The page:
The leader of the militant Hamas government in the Gaza Strip condemned the United States on Monday for killing al-Qaida chief Osama bin Laden.

Hamas Prime Minister Ismail Haniyeh said the operation marked "the continuation of the American oppression and shedding of blood of Muslims and Arabs."

"Despite the difference in opinions and agenda between us and them, we condemn the assassination of a Muslim and Arab warrior and we pray to God that his soul rests in peace," Haniyeh told reporters in Gaza.

The Palestinian militants of Hamas insist they have no ties to al-Qaida and that their violent struggle is directed solely against Israel, not the West at large. Extremist splinter groups in Gaza claim they are inspired by al-Qaida and world jihad and are considered rivals to Hamas.

Even so, Palestinian leaders often criticize the U.S. for what they see as its pro-Israel bias. The West Bank and Gaza Strip were among the few places in the world where public celebrations took place after the al-Qaida attacks on the U.S. on Sept. 11, 2001.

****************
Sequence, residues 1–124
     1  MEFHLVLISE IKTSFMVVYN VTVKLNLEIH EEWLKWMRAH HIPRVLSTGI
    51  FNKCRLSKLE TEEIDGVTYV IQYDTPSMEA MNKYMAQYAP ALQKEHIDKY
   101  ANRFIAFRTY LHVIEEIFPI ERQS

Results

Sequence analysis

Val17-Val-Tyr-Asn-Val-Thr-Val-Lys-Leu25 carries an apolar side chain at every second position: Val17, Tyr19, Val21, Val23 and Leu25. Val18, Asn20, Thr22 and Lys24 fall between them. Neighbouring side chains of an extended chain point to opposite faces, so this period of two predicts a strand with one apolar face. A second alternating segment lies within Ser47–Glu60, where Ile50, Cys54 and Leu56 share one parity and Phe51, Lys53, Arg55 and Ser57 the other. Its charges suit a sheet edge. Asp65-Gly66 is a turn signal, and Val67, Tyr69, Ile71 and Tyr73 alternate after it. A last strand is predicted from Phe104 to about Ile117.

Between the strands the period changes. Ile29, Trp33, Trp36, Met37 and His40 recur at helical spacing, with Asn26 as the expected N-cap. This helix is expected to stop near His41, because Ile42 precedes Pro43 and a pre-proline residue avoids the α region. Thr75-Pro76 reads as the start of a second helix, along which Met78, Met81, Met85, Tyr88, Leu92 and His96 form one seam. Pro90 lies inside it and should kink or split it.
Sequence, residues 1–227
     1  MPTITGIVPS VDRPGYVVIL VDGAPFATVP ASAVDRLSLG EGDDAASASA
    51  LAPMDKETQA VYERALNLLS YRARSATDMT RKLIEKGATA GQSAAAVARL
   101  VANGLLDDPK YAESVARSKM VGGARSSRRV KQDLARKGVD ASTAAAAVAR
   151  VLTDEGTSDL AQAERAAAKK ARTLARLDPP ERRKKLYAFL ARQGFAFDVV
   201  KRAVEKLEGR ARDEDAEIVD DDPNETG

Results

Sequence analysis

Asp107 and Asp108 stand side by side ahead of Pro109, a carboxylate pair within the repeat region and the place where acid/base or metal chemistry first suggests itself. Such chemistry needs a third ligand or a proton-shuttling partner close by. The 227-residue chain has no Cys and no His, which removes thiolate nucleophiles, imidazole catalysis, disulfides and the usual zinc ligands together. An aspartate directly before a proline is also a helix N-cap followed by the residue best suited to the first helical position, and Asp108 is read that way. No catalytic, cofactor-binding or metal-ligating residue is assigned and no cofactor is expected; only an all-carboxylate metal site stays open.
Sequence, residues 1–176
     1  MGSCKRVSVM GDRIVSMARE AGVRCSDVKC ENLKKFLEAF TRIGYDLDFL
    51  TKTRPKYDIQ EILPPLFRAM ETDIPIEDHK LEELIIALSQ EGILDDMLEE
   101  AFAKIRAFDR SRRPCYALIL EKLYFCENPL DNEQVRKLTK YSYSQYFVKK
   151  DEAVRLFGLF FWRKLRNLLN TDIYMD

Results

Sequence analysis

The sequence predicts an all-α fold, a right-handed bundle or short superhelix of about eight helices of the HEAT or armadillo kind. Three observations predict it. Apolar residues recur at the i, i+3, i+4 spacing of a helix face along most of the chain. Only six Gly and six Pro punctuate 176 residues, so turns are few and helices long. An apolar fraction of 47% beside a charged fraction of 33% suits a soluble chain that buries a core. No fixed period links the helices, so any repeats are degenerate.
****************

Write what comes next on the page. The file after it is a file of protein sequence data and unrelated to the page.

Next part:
In contrast to Haniyeh, the prime minister of the Western-backed Palestinian Authority, Salam Fayyad, congratulated the United States for killing bin Laden.

"I view this as a major and mega landmark event marking the end of a person who clearly was involved in acts of terror and destruction. This would mark a beginning of an end of a very dark era," he said.

The Palestinian Authority, which governs in the West Bank, is dominated by the Fatah movement, which is set to sign a unity deal with Hamas in Cairo on Wednesday. The plan seeks to end a four-year rift that has produced rival governments in the West Bank and Gaza.